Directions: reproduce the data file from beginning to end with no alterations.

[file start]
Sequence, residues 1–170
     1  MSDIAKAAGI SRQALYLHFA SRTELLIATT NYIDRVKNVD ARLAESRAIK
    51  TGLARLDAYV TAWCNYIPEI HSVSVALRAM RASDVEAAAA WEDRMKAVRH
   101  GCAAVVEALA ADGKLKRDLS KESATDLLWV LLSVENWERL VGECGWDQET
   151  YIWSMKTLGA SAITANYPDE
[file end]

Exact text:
Sequence, residues 1–170
     1  MSDIAKAAGI SRQALYLHFA SRTELLIATT NYIDRVKNVD ARLAESRAIK
    51  TGLARLDAYV TAWCNYIPEI HSVSVALRAM RASDVEAAAA WEDRMKAVRH
   101  GCAAVVEALA ADGKLKRDLS KESATDLLWV LLSVENWERL VGECGWDQET
   151  YIWSMKTLGA SAITANYPDE